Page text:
QX3 Interactive Software
The software package that interfaces with the Intel QX3 microscope is one of the most creative aspects of this innovative toy and helps promote it to the top level of science educational tools. Written in Visual C++, the software is designed for computers that are Universal Serial Bus (USB) enabled, which includes most computers manufactured after mid-1998. Illustrated in Figure 1 is one of two splash screens that appear while launching and during initialization of the program.
Intel's recommended minimum system requirements for satisfactory performance are:
Before the software is loaded by the setup program, the computer hardware and software is scanned to ensure the minimum recommended configuration is met. As we mentioned above, the software is installed from a CD, so a CD-ROM drive is mandatory for the initial installation, unless it is done over a network. If the setup program does not detect the minimum system requirements, it will display a dialog box that points out the deficiencies and inquires whether to proceed. If, for example, the setup program does not detect a sound card, it can still be completely installed and will operate successfully without sound. Later, a sound card can be added to take advantage of the audio portion of the software. However, if the setup program fails to detect a USB port, then installation is halted.
Intel recommends that the QX3 software be installed prior to connecting the microscope to the USB bus port. For installation, the CD is inserted into the CD-ROM drive and has a setup program initiated by AutoPlay. The first menu displays an install button and a smaller close button. Click on the install button to start the system diagnostics check and install the software. You can also click on the close button to exit setup. In the event AutoPlay does not automatically launch the installer program, access the icon for the CD-ROM drive through the My Computer icon on the desktop, and double click on it. If this does not launch AutoPlay, open the folder and double click on the file named setup.exe. Follow the steps in the menu-driven installation routine to successfully configure the software. When software installation has been completed, the setup program will allow "e-registration" for those computers equipped with a modem.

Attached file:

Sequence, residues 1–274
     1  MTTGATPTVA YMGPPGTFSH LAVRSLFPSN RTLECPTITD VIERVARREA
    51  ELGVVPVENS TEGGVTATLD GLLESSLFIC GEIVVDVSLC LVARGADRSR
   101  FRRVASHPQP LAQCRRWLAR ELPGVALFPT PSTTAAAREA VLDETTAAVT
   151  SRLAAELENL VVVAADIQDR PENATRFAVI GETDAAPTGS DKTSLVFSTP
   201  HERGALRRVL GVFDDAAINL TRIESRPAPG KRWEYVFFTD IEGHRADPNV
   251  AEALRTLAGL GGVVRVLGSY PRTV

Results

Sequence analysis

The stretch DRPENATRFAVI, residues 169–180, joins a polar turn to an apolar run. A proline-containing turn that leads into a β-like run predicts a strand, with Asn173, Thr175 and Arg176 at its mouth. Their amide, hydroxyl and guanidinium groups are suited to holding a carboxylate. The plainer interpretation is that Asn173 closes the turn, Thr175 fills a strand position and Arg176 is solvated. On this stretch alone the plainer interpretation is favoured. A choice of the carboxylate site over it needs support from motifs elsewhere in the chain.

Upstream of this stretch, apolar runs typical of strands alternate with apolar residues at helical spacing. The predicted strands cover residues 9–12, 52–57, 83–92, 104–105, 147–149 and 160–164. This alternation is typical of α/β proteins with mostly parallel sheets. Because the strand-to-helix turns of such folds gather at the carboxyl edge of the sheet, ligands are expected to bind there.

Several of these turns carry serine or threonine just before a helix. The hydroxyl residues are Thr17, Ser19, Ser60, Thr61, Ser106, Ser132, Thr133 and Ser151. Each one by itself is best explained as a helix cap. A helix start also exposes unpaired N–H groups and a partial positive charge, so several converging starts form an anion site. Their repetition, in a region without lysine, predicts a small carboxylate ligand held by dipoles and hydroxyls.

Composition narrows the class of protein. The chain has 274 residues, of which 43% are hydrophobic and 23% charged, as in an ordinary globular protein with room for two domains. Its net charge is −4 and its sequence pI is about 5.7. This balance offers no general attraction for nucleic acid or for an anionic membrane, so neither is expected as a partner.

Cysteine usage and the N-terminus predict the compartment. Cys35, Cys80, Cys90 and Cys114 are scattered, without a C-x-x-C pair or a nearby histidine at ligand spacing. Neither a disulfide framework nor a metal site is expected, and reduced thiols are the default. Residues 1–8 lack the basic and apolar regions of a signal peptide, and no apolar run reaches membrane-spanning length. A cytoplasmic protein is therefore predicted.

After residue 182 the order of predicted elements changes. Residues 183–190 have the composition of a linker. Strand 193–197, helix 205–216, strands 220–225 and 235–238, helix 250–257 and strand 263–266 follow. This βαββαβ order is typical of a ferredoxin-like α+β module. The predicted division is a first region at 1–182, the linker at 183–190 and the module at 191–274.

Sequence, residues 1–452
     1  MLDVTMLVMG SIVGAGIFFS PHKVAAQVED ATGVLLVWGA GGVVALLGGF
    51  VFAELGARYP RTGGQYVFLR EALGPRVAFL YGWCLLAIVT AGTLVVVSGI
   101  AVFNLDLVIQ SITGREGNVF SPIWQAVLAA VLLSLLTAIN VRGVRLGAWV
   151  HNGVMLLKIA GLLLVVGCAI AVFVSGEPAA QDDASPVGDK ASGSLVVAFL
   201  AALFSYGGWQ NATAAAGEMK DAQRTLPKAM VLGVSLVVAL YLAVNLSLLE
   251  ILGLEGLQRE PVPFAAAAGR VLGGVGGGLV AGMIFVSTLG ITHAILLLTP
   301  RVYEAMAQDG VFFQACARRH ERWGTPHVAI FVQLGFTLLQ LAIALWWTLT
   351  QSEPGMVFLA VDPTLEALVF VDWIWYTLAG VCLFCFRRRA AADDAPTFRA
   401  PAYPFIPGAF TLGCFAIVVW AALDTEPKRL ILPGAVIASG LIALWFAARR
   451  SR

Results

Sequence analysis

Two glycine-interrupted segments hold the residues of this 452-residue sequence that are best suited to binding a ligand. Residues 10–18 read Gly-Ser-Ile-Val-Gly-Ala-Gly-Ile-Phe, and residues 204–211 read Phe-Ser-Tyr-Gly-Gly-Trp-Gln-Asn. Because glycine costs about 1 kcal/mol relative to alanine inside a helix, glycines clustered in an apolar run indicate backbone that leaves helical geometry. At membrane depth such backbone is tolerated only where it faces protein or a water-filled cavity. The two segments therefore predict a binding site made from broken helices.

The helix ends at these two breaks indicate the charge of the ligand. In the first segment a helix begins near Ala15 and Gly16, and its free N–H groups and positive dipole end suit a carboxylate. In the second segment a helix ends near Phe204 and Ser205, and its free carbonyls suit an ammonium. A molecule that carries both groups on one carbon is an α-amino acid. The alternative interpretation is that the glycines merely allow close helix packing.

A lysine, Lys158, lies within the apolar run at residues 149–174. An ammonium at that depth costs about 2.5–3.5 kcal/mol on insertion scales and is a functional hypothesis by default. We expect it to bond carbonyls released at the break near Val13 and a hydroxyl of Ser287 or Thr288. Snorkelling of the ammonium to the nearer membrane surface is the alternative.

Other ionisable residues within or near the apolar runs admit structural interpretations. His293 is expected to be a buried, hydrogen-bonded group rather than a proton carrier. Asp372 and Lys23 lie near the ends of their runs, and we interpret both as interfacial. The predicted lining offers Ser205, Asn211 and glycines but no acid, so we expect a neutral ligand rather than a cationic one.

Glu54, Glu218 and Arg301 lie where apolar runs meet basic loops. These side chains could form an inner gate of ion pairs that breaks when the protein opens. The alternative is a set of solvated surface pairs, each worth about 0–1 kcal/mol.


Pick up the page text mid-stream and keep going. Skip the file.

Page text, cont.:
Occasionally a glitch will produce problems with the setup procedure and the installation will fail. If this occurs, unplug the USB cable to the microscope (if installed), restart the computer, and repeat the setup installation. The readme.txt file in the QX3 Microscope root directory will contain any last-minute information about changes to the program setup.
When the Intel QX3 software is installed, an executable program icon shortcut is automatically installed on the desktop for easy access. The default directory for the software is:
This is where the setup program stores all important files that are necessary for the microscope. Within the QX3 Microscope root directory (illustrated in Figure 2) is the program executable, a readme text file, help files, an uninstall program, dynamic link libraries, and other associated runtime files that assist the program.
Also included in the root directory are four subdirectories that contain the default image samples, imported and exported images, images captured on the microscope (including time-lapse and movies), and a subdirectory named Ereg. The Ereg subdirectory contains initialization files, dynamic link libraries, and other associated files that store system settings for the software and interface with the Windows registry.
The subdirectory named Samples (see Figure 2) is used to store all of the digital still images captured by the microscope as *.SMP files, which is an extension specifically native to the Intel QX3 software. Also located in the Samples directory are the "Example" images supplied by Intel. These consist of a mixture of insects, flowers, fruit, Barbie (the Mattel doll), fibers, and other common specimens. Movie and time-lapse files are also stored in the Samples directory as *.AVI files. After repeated use of the microscope, the Samples directory will become full of *.SMP and *.AVI files that have names similar to: